As David Kiger has previously asserted, inventory can certainly be described as all the materials or goods that either pass through or are kept in a business and are required for that specific business to carry out its activities. Besides, inventory is perhaps one of the most hard-to-properly-understand topics within the logistics spectrum, which is why it is not rare to see supply chain managers and even some logistics experts wondering: how to properly manage inventory?
How to manage inventory
Inventory management are all those activities involved in making sure the inventory of a company works for its business as cost-effectively as possible. In that sense, there are several aspects to consider when exploring inventory management. The first aspect is commonly referred to as planning: companies often use several metrics and strategies to foresee the amount of stock they are going to hold, where they are going to hold it, and, most importantly, for how long they are planning on holding it. Besides, firms have to pay special attention to any special needs that may arise regarding such prediction: does the stock require a special treatment? Does it need to be kept under special circumstances?
Companies may also need to come up with ways to preserve the stock. For instance, often times, companies need to monitor specific items on a regular bases. The other aspects of inventory management are often related with the assessing and regulating activities of the stock. Assessing inventory often means keeping track of the stock, either by counting it or checking it in some way. Regulating inventory means establishing the right amount to be kept, thereby making sure the company is not holding extra or, perhaps, too little. Regulating is also a way to to prevent stock from being stolen or damaged.
Losing inventory: an ongoing threat
When it comes to keeping inventory from being stolen or lost, it is practically obvious to assert that it is quite easy when items are held in a warehouse. However, if companies do not know where things start to go sideways. The bigger the facility, the more important it is for companies to keep an eye on where exactly are they keeping their stock. Inventory management is all about defining a set of processes for the proper treatment of those goods in order to avoid falling victim of not knowing their exact location.
Keep an eye on the different types of inventory
As mentioned in previous articles, there are, at least, two different types of inventory: direct inventory and indirect inventory. However, it is also important to mention that inventory management can definitely be more simple and even friendly when taking a much closer look at the different stages inventory goes all across the supply chain. Thus, businesses prefer to refer to stock as types.
Raw Materials: Also known as the ingredients or components from which a business produces its end-consumer products.
Work in Progress: Also known as any stock in the process of being turned into another thing; the process of transforming from raw materials into end-consumer products.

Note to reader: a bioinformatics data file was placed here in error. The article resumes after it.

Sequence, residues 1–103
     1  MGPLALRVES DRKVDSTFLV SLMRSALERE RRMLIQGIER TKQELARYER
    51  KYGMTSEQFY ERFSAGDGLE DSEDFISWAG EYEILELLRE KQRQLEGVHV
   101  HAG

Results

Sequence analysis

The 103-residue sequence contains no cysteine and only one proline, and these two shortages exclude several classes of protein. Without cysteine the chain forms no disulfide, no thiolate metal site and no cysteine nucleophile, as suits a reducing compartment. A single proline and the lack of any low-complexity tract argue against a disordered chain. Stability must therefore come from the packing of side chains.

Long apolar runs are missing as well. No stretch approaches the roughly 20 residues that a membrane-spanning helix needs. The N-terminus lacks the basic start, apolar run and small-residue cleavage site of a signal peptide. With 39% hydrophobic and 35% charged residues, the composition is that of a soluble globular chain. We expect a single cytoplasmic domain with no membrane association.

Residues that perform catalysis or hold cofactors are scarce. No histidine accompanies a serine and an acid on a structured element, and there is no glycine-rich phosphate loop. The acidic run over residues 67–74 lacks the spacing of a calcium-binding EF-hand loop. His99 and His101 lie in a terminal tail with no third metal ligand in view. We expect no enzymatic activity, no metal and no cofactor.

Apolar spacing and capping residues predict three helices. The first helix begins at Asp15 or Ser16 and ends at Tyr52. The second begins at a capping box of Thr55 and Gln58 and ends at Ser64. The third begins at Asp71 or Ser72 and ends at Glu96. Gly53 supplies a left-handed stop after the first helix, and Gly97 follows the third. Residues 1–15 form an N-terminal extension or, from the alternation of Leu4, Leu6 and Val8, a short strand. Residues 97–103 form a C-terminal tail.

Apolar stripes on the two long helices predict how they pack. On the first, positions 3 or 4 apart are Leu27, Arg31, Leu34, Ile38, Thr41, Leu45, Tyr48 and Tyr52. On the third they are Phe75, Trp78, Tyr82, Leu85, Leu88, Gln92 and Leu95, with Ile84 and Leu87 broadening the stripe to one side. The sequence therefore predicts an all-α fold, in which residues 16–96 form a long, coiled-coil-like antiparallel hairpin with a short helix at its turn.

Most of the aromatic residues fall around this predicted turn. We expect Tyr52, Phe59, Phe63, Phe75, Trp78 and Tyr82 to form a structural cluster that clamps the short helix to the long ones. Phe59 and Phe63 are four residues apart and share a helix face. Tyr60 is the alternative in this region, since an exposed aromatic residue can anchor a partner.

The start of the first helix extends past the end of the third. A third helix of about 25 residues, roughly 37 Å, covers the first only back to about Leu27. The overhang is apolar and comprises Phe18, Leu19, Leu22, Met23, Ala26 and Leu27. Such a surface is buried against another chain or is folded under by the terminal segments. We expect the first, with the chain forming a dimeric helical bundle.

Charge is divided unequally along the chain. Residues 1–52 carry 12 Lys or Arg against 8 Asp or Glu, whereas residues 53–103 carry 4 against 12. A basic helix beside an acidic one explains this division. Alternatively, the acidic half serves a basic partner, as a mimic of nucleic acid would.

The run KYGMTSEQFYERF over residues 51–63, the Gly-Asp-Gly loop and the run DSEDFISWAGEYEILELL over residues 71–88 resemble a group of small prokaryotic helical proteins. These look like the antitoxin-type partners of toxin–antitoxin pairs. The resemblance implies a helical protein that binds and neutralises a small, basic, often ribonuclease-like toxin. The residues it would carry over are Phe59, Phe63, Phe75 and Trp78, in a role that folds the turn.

Finished Goods: This is the stock that is ready to be sold to end-consumers.
There are also other types of inventory:
Service Inventory: consists of spare parts and other tools used during the sales process.
In-Transit Inventory: Also known as the inventory being transported from one location to another by rail, road, sea or air.
How to approach inventory management?
The aforementioned categories and the categories of stock that firms hold are often determined by the very nature of their businesses and all the activities they need to carry out in order to run the business as well. That means that companies, in order to properly approach inventory management, need to assign different priorities in accordance with the different types of stock.
Depending on the nature of the business, firms need to define priorities around the amount of stock they need to hold. For instance, if a restaurant or a bar that sells beer and hamburgers were to establish stock priorities, its top inventory would likely be beer, for running out of hamburgers would be bad, but running out of beer would be no less than catastrophic.
Companies can classify their inventory by categories: top priority, and the other ones. The first stock management premise or principle to be taken into account is to not run out of those essential goods and items that sell good and well and basically fuel the business and keep the firm going and thriving. The other principle is to foresee and be prepared for some times, inevitable: running out of those items that do not sell as good as the one mentioned above, or of those that are to some extent non-critical to the firm. In short, and simply put, companies, prior to recklessly establishing metrics and labels on their stock and logistic activities need to differentiate the items in their inventory, thereby treating the well sellers in one way, and the non-critical in another way. This will also determine a larger part of the business’s approach to logistics.
* Featured Image courtesy of Pixabay at Pexels.com